The importance of base width in breast augmentation.
Your experience demonstrates two things: the importance of establishing the correct base width in breast augmentation and the problems of implant concealment when there is very little body fat.
175cc implants are so small that even in low profile their base width is tiny and clearly inadequate for your frame. You may have to accept larger volume implants simply to get a base width to fit your chest.
With so little body fat, the imperfections are all the more obvious because they cannot be concealed by the usual blanket of fat. For this reason, many plastic surgeons place the implants beneath the muscle, particularly when the patient is thin, so as to hide their ('ball'-like ) outline and produce a more natural contour.
However, with average body fat and some pre-existing breast development, placement in front of the muscle is quite acceptable.
Web reference: http://www.ncbi.nlm.nih.gov/pubmed/23714801
Dimensional Planning a MUST!
No one should be getting 175cc implants. That's a 9.9cm base width and far too narrow. It's interesting that the majority of patients that I revise from central and south america are always undersized on the width and volume they require. All I do is place a dimensionally appropriate implant and suddenly these patients think I am a magician, when in fact all I did was some basic measurements and selected an implant based on those measurements, rather than fixating on the cc volume!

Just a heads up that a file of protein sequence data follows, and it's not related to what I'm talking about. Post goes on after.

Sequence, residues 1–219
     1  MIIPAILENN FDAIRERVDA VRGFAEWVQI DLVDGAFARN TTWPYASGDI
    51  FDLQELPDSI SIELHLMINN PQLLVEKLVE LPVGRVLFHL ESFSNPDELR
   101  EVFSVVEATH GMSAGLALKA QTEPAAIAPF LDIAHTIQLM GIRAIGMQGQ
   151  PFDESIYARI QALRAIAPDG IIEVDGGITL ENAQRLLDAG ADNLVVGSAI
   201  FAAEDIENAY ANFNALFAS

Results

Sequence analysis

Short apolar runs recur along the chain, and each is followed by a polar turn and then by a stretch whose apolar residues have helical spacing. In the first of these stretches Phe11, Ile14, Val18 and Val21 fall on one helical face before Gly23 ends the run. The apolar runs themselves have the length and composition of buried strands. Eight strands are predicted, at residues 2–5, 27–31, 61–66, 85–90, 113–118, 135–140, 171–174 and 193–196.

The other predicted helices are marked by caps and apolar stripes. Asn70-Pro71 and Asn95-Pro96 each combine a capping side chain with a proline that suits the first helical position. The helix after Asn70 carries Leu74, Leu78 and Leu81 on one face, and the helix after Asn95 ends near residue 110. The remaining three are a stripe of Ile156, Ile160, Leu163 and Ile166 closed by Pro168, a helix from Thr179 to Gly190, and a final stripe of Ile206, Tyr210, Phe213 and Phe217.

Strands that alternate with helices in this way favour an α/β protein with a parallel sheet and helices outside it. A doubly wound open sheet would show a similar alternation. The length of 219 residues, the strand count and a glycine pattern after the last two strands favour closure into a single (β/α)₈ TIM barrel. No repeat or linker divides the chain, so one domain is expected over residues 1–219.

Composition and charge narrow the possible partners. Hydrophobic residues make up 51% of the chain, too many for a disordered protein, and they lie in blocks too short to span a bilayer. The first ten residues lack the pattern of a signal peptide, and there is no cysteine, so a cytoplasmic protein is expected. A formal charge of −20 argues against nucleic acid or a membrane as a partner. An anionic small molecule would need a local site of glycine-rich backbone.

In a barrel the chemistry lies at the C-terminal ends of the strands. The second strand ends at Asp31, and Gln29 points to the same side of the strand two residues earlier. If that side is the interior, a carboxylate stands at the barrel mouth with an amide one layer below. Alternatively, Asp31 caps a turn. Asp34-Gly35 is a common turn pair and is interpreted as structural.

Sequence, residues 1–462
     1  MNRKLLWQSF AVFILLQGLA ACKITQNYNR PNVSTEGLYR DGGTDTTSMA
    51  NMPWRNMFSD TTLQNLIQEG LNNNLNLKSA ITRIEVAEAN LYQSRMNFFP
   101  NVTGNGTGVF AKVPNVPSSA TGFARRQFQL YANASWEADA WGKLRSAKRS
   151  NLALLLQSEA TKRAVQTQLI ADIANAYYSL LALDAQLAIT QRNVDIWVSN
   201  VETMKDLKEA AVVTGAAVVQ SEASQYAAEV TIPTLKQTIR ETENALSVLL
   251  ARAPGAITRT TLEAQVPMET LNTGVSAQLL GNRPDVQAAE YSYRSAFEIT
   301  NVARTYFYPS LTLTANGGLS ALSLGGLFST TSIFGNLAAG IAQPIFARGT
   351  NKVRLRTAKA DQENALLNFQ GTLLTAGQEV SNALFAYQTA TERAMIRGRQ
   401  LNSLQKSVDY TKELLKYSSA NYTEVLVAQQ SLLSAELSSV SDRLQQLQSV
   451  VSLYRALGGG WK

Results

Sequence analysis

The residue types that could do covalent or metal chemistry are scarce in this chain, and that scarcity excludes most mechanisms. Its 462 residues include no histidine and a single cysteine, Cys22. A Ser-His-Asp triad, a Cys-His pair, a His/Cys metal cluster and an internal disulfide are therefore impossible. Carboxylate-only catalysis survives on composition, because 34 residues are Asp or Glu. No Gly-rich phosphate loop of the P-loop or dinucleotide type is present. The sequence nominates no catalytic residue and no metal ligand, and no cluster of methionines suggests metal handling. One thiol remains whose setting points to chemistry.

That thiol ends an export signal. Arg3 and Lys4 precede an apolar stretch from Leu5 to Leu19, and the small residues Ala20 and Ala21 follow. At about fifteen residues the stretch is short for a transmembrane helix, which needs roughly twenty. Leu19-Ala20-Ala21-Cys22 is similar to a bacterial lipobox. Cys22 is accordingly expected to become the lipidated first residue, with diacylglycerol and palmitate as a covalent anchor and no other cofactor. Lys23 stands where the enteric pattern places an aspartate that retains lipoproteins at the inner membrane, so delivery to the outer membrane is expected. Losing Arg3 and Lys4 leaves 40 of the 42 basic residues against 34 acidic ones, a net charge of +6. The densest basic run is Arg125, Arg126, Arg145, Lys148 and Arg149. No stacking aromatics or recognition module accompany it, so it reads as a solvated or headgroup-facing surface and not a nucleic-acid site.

Large gap in upper pole
Given how slender you are, I think you would get a more natural result with implants placed below the muscle. A 175 cc implant is very small and therefore has a small diameter, especially since it is a "moderate plus" profile implant. This contributes to the large gap. Based on your photos, I would have recommended silicone gel implants in the 250-300 cc size range placed below the pectoralis muscle. Yes, it can be fixed, but you will need additional surgery.
Gap on the Upper Pole Bigger Than in my Natural Breasts?
Based on your photos, I think that "they look like balls" because you have very little breast tissue and textured implants are designed to help the tissue adhere to the implants. I would go back and discuss it with your PS but you may want to consider smooth silicone implants with a wider base diameter so that they fill your chest width better.
These answers are for educational purposes and should not be relied upon as a substitute for medical advice you may receive from your physician. If you have a medical emergency, please call 911. These answers do not constitute or initiate a patient/doctor relationship.